Organic solvents which form appropriate azeotropes with water in order to carry out such a recovery procedure include, illustratively, butyl alcohol, amyl alcohol, hexyl alcohol, benzyl alcohol, butyl acetate, amyl acetate, 1,2-dichloroethane, 3-pentanone, 2-hexanone, benzene, cyclohexanone, toluene, the xylenes and the like.
There is special advantage in recovery by azeotropic distillation on large-scale fermentation processes. Both water and solvent taken overhead in the azeotrope can be separated by known techniques and thereafter recycled for further use. The water thus removed is free of contaminants and does not require a waste disposal process.
Further purification of the deoxynarasin antibiotics includes additional extraction and adsorption procedures. Adsorptive materials such as silica gel, carbon, Florisil 989, Tallahassee, Fla.) and the like can be advantageously used.
Alternatively, the culture solids, including medium constituents and mycelium can be used without extraction or separation, but preferably after removal of water, as a source of the deoxynarasin antibiotic complex. For example, after production of deoxynarasin antibiotic activity, the culture medium can be dried by lyophilizing or drum drying and mixed directly into feed premix.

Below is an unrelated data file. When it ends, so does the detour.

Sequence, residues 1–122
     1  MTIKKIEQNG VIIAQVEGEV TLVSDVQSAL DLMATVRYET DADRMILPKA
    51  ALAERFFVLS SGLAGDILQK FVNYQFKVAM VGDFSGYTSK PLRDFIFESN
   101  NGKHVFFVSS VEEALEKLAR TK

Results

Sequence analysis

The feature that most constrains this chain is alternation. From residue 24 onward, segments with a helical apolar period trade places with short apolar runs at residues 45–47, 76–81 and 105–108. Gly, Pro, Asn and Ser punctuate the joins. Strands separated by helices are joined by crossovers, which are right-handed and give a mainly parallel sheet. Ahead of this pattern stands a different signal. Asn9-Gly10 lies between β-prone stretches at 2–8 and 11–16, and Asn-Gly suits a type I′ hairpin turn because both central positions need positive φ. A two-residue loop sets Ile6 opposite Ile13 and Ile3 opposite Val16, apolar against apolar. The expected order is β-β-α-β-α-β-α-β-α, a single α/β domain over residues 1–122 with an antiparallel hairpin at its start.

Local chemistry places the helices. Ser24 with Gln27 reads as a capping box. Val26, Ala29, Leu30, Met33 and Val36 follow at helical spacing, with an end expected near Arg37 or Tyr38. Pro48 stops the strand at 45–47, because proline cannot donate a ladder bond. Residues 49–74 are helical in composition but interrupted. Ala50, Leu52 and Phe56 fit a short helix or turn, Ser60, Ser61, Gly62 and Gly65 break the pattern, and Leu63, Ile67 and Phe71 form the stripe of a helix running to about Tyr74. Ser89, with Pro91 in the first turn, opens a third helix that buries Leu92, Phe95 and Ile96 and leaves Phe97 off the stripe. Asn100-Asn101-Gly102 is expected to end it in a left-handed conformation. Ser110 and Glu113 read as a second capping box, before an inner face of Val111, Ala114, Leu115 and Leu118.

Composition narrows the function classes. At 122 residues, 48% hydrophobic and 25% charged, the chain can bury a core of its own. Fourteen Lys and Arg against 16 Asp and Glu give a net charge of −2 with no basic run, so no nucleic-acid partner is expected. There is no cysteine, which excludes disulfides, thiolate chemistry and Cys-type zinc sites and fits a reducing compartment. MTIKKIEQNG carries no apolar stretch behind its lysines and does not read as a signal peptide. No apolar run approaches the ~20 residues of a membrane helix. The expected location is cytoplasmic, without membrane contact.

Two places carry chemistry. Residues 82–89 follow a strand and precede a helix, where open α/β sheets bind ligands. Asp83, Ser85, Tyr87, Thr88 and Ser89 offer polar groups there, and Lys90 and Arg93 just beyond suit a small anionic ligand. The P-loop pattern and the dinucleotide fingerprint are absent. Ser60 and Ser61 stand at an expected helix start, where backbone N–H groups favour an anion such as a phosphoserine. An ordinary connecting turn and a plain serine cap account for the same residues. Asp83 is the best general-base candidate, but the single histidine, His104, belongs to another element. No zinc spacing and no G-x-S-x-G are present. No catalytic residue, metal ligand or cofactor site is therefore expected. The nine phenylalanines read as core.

In another aspect, after production of deoxynarasin activity in the culture medium, the mycelium can be separated and dried to give a product which can be used directly in a feed premix. When separating the mycelium for such use, the addition of calcium carbonate (about 10 g/l.) aids in filtration and gives an improved dried product.
Under the conditions used thus far, 20-deoxynarasin and 20-deoxy-epi-17-narasin are recovered as the major factors from the Streptomyces aureofaciens strain described previously and designated as NRRL 11181. Some minor factors are also recovered from S. aureofaciens NRRL 11181 in amounts too small to permit characterization. Although the ratio of factors varies depending on the fermentation and isolation conditions used, in general more 20-deoxy-epi-17-narasin than 20-deoxynarasin is recovered.